Scott’s long-awaited return to the sci-fi genre, which he redefined with ’79’s Alien and the highly ambitious 1982 classic Blade Runner, Prometheus wastes no time before announcing itself as something way stranger than Alien. The film opens with a brief, existential preamble, setting the religiously tinged stage for scientists Elisabeth Shaw (Noomi Rapace) and Charlie Holloway (Logan Marshall-Green) to kick the plot into motion. Together, in the year 2089, they’ve discovered a 30,000-year-old cave painting that shares attributes with other drawings the duo has encountered, all depicting the same formation of stars. Using their super-high-tech telescopes, Shaw and Holloway have figured out that these formations are directing them toward a distant moon that can sustain life, leading them to believe that it could very well be the place where humans were first engineered.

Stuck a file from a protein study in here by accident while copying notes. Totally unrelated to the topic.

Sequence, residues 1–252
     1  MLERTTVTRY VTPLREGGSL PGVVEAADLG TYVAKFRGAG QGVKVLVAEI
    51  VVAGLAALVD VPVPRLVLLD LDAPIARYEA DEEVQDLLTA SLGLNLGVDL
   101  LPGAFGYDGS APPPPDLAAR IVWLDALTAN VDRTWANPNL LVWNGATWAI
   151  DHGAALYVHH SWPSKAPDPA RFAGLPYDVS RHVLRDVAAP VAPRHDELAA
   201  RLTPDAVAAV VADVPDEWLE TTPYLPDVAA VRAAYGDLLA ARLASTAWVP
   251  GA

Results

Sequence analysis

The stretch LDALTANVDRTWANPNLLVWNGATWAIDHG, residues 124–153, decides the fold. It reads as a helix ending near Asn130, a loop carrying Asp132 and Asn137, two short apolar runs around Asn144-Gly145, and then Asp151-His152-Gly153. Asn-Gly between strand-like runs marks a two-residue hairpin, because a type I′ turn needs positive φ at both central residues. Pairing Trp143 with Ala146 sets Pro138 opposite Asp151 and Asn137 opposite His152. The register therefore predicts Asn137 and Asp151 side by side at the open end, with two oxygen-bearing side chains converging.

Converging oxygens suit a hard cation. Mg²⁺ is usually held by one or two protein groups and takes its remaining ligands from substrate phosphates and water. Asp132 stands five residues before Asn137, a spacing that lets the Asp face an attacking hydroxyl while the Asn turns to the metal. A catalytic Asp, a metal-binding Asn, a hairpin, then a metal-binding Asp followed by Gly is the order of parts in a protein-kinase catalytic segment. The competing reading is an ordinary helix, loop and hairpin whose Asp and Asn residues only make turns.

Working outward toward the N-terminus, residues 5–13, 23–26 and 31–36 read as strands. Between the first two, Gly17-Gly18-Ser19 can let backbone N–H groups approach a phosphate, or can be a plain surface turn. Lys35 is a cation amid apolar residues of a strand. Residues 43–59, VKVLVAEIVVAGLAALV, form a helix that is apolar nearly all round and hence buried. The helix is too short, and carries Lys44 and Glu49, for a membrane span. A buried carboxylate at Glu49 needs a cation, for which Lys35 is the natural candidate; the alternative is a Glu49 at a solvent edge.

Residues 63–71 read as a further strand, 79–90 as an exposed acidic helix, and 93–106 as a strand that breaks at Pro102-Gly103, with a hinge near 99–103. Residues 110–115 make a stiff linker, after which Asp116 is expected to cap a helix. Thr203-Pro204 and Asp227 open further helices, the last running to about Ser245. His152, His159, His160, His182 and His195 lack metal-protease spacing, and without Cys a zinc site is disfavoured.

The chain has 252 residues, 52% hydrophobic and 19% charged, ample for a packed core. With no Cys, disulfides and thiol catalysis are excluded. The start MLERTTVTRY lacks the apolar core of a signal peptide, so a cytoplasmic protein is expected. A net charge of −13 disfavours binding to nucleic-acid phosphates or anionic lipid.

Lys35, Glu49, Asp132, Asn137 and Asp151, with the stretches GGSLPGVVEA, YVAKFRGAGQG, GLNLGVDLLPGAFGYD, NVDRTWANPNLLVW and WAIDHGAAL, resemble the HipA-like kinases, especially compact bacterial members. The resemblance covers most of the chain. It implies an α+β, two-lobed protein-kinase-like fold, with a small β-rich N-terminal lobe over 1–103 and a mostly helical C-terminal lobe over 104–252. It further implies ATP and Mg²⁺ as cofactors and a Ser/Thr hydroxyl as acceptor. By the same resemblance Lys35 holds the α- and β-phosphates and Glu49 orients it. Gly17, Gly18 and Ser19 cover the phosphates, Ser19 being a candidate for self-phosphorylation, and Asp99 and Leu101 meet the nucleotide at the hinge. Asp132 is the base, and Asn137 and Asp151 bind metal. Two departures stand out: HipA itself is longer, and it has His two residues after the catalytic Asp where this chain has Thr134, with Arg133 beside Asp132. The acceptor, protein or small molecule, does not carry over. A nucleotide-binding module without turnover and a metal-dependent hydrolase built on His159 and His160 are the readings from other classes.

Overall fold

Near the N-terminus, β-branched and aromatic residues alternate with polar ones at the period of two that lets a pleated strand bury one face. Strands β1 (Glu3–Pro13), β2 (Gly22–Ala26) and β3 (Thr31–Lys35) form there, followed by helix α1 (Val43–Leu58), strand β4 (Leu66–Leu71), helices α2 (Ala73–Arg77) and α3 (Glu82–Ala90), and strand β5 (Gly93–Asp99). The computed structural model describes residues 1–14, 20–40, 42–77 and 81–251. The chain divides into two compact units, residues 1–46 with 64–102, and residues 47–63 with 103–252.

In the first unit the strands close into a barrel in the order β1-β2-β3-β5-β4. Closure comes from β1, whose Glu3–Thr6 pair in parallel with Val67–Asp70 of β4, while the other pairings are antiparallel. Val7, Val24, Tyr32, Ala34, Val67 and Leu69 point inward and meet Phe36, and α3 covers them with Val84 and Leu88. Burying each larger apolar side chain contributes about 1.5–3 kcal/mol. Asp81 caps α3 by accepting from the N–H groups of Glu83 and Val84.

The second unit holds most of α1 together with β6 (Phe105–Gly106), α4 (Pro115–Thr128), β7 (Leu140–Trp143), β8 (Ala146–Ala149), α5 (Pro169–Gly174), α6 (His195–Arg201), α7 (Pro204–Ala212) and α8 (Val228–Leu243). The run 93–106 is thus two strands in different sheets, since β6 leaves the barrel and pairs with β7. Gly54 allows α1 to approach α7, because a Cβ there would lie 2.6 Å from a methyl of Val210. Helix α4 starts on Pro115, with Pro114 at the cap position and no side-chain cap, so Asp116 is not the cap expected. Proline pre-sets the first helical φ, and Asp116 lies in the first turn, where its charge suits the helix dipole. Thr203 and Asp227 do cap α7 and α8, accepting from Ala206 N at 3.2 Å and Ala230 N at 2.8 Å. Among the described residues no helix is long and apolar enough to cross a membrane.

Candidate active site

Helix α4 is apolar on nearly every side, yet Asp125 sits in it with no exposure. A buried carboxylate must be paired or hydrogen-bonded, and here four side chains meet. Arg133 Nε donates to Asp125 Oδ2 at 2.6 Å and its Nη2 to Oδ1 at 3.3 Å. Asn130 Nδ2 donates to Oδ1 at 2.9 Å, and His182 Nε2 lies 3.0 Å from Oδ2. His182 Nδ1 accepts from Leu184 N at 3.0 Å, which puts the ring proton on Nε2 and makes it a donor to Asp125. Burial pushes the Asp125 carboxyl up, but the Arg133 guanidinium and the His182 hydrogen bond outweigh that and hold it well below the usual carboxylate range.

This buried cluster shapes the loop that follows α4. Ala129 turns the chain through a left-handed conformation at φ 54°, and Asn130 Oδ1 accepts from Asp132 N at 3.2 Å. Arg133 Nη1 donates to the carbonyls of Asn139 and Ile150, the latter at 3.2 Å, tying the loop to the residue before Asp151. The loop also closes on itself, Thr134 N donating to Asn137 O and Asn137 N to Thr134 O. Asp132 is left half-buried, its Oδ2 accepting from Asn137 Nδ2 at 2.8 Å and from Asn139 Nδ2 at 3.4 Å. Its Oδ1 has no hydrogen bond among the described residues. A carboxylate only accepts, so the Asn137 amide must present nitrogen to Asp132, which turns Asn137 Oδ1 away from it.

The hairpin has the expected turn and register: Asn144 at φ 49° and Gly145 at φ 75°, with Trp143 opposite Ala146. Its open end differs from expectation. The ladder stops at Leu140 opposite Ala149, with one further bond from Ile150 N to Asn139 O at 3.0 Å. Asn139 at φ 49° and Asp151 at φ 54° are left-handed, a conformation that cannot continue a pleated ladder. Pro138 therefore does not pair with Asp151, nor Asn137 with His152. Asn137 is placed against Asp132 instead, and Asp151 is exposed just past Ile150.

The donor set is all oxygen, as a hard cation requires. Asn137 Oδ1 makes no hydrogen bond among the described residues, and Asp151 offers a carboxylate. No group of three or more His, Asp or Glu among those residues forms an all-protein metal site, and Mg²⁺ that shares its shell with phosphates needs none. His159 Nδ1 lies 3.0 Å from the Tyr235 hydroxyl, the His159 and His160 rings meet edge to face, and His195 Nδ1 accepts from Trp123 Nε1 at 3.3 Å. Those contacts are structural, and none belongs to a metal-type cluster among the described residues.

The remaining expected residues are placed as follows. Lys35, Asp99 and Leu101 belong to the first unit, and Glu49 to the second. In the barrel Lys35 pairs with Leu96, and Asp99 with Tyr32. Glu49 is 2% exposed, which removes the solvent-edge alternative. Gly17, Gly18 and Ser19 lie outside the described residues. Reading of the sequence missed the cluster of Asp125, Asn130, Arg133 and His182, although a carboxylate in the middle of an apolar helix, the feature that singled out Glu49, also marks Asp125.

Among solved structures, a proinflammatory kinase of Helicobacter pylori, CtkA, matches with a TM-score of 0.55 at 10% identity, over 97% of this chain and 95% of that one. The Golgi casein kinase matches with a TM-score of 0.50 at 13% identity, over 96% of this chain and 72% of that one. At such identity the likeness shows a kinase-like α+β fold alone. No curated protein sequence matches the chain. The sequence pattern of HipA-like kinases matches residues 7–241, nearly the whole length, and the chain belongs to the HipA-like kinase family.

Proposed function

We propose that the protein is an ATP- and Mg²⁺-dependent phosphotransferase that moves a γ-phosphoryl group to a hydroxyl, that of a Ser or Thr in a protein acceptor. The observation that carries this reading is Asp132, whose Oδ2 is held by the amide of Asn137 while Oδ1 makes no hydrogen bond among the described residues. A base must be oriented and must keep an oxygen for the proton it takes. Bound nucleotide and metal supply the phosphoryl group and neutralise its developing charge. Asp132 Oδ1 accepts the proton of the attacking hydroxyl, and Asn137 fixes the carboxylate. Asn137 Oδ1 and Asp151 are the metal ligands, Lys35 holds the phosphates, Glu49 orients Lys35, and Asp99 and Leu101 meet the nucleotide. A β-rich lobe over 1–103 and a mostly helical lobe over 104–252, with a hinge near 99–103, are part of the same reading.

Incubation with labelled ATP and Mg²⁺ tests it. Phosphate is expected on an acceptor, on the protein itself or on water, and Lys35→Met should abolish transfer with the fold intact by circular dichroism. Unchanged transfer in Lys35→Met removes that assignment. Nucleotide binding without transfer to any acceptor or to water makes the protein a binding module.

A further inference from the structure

Fast forward to 2093, when, aboard the spacecraft Prometheus, named after the Greek god who created mankind (yeah, not so subtle), Shaw, Holloway, and the rest of the ship’s 17-member crew are woken up by David (an excellent, perfectly calculated Michael Fassbender), a cold, emotionless android who’s been awake the entire time. David is at the beck and call of Meredith Vickers (Charlize Theron), a representative of the Weyland Corporation (Alien connection No. 1) who’s sole purpose on the Prometheusis to regulate and flash ice-grills in everyone else’s direction.